Problem receiving UDP broadcast packets.

Grant Edwards invalid at invalid.invalid
Wed Apr 20 16:31:41 CEST 2011


On 2011-04-20, Dan Stromberg <drsalists at gmail.com> wrote:
> On Tue, Apr 19, 2011 at 6:15 PM, Grant Edwards <invalid at invalid.invalid> wrote:
>
>>> Or can you simply use a stupid netmask like /1 that picks up all the
>>> IP ranges? That way, the source-IP check wouldn't fail.
>>
>> That would require that the device somehow knows that it's not
>> configured correctly and should change the netmask to /1. ?The device
>> doesn't have any way to know that, and it must respond to the
>> discovery commands both before and after it's properly configured.
>
> - Actually, you Might be able to configure your device to have a
> netmask of 0.0.0.0, IP address of 255.255.255.255 and broadcast of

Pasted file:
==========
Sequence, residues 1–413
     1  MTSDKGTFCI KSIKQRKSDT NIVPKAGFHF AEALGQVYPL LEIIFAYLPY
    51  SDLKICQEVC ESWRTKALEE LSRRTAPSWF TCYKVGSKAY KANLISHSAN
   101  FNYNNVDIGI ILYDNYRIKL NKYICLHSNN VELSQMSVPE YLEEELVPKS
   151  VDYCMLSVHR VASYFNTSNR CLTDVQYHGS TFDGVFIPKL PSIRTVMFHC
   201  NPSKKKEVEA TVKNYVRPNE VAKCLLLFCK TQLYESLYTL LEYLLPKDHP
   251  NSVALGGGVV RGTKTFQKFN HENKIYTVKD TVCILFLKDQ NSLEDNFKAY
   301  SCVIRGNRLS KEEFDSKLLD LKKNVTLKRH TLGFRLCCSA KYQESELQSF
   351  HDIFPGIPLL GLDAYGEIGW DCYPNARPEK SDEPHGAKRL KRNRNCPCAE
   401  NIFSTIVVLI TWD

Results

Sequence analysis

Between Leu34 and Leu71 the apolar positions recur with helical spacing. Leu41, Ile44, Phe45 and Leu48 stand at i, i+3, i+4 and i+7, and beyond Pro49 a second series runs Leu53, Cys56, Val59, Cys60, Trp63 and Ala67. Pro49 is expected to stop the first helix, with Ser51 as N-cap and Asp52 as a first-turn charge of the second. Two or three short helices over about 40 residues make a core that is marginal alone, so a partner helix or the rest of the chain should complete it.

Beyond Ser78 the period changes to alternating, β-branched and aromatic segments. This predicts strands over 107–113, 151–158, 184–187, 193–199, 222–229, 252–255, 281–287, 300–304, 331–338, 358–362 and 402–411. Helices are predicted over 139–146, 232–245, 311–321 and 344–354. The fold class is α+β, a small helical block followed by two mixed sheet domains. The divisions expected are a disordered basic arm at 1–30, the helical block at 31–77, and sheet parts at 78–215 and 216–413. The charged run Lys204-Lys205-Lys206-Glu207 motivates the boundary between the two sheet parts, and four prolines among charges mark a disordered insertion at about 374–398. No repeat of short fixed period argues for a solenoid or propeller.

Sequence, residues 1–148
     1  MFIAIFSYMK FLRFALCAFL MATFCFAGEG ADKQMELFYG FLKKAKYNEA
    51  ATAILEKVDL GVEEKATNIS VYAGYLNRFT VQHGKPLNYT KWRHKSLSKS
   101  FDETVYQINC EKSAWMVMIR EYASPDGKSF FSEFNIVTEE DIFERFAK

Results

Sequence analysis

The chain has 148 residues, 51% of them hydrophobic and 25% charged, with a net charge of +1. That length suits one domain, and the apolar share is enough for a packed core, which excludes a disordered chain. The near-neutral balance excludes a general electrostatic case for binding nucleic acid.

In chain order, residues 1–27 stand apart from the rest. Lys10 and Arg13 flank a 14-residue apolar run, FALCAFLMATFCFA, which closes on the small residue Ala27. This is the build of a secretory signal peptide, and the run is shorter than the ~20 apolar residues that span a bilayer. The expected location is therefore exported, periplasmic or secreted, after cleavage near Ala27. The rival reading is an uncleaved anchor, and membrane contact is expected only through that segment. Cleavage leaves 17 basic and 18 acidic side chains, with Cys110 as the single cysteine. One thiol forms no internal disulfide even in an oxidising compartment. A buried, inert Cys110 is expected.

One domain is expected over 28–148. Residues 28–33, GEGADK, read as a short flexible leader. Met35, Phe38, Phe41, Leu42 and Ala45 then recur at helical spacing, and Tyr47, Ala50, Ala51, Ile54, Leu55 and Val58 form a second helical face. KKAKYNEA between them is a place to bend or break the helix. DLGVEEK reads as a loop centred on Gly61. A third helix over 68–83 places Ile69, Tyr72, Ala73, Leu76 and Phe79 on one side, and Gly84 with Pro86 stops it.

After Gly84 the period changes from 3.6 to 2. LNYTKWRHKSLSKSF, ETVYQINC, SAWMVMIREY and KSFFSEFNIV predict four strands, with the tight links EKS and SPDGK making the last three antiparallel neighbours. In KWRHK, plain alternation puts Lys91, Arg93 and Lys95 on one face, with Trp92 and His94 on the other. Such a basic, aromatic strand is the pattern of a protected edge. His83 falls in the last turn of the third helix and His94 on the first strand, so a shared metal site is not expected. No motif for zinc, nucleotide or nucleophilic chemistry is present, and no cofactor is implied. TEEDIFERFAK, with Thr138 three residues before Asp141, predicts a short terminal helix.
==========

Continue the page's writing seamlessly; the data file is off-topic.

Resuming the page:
> 255.255.255.255.
> - I've seen something a bit similar used for detecting IP address
> conflicts automatically.
> - A network guru I used to work with told me that you could configure
> a machine with a broadcast of 255.255.255.255 more simply than messing
> around with the netmask, while still achieving the same result for
> general purpose networking.

I'll look into that.

>> I've reread the protocol documentation and noticed that the device has
>> to respond not only to broadcasts to 255.255.255.255 but also to
>> subnet broadcasts send to subnets it's not on. ?That pretty much
>> clinches the requirement to use a raw socket. :/
>
> With a netmask of 0.0.0.0, I suspect you will receive all broadcasts
> on the wire, given appropriate listening code.

That might be an option as well, as long as it doesn't disrupt normal
operation of the interface.

-- 
Grant Edwards               grant.b.edwards        Yow! Remember, in 2039,
                                  at               MOUSSE & PASTA will
                              gmail.com            be available ONLY by
                                                   prescription!!



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